Steve Webb says there are many questions that need to be answered following the landmark ECJ ruling
The recent ruling by the European Court of Justice in the case of Hampshire v. the Pension Protection Fund (PPF) will hopefully result in Grenville Hampshire getting a big boost to his pension, but could have some important implications across the pensions landscape.
Mr Hampshire was a member of the Turner and Newall pension scheme from the early 1970s to the late 1990s but was under normal retirement age when the scheme entered a PPF assessment period in 2006.
Under the rules of the PPF, Mr Hampshire's PPF payment falls short of what he would have received from the T&N scheme in three main respects.
First, as a member under normal retirement age, his compensation is based on 90% of his full pension, rather than the 100% that would apply to someone over retirement age.
Second, as someone with a relatively large pension, he is caught by the PPF cap. This effect would subsequently have been somewhat mitigated by the introduction of the long-service cap for those with more than 20 years of service, but the cap was not in force at the time the case was first brought, and any uplift was not applied retrospectively.
Third, through the course of his retirement he would have received very little in the way of inflation protection because the PPF does not provide indexation for pre-1997 service, which accounted for the vast bulk of his time in the scheme.
A combination of these factors led to Mr Hampshire's pension being less than 50% of the amount he would have received had the firm continued to trade and his lawyers argued this was in breach of European insolvency law. The ECJ upheld that view.
The PPF has said that it expects relatively few people to be affected by the ruling and that the increase in its future liabilities will probably be no more than around 1%. Given the relatively robust funding position of the PPF, it seems unlikely this will have any material effect on the PPF levy.
However, this judgment leaves a number of questions to be answered. The first is how often the 50% test should be applied. For example, it would be possible to make an estimate at retirement of someone's expected future PPF payments and to compare these with their expected payments had the scheme continued. But this calculation would be based on assumptions and estimates. It could be that someone would 'pass' the 50% test at retirement but that future outturns for inflation or longevity could mean they failed the 50% test at a later stage. It is not clear whose job it would be to monitor such things.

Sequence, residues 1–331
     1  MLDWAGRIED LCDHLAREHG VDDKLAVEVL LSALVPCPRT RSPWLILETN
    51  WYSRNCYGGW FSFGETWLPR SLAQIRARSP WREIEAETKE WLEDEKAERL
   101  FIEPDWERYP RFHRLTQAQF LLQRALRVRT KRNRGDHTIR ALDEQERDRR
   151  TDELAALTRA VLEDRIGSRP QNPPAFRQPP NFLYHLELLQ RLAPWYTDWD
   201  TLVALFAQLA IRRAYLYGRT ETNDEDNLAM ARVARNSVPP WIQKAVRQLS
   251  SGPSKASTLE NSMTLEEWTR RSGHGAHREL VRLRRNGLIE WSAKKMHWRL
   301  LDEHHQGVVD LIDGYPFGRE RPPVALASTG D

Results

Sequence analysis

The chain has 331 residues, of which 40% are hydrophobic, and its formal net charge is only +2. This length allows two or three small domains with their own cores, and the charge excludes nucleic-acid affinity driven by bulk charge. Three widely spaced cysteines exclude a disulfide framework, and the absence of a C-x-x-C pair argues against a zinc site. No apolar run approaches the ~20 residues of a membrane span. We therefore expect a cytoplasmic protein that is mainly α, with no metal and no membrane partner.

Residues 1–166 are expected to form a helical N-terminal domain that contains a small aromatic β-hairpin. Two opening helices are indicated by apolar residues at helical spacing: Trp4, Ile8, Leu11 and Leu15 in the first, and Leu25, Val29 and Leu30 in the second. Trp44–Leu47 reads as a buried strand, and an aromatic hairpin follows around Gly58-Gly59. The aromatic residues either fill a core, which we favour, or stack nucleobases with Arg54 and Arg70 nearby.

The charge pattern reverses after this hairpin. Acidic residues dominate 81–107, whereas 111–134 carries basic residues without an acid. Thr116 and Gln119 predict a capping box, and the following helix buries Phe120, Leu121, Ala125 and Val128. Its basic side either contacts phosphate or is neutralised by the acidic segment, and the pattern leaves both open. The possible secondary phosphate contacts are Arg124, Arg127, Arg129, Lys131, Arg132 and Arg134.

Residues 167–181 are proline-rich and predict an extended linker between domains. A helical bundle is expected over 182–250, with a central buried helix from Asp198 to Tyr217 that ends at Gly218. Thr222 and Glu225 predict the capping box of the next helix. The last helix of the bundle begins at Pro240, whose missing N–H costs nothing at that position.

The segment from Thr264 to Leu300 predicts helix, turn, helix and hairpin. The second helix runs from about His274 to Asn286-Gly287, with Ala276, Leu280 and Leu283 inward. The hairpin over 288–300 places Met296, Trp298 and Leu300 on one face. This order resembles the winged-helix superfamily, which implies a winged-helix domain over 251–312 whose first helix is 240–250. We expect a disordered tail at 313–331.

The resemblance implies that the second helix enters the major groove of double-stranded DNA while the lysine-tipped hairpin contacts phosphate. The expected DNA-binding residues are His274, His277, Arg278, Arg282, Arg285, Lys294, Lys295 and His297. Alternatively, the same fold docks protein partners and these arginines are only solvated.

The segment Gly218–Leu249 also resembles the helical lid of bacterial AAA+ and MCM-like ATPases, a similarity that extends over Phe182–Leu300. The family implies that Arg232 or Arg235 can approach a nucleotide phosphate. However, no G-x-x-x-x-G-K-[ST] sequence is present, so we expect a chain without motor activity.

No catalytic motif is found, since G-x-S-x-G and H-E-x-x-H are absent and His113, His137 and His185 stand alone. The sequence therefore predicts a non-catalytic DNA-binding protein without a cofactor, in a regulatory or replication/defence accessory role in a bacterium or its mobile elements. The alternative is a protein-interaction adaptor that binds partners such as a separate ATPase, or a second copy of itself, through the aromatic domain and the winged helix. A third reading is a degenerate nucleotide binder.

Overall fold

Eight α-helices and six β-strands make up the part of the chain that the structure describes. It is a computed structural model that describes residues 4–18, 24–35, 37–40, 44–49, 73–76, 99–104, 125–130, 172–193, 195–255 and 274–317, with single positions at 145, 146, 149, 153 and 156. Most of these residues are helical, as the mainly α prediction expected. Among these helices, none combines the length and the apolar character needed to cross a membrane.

The second is what the PPF can do now while it is waiting for new legislation. My assumption would be that the PPF is obliged to pay PPF benefits in line with existing legislation, even though it may know it will have to pay more in future.
It is also unclear how the Department for Work and Pensions will respond to this ruling as there are a number of different elements to the compensation formula that could be varied to address this issue. For example, the risk of members falling below the 50% threshold would be reduced if the PPF started to pay (some) pre-1997 indexation costs, but this would affect a large group of members and not just the narrow group that had suffered the biggest losses. Alternatively, they could focus their attention primarily on the PPF cap, but that could still leave others at risk of a shortfall, especially older members with a lot of pre-1997 service.
Finally, as ever, the ruling could have a knock-on effect on schemes being benchmarked against PPF benefit levels, including those going through PPF assessment, especially if the ruling is applied retrospectively.
For all of these reasons, there can be no doubt that the sooner the government moves to resolve the uncertainty over the way forward, the better it will be not only for Mr Hampshire but for all involved in pension provision.
Steve Webb is director of policy at Royal London
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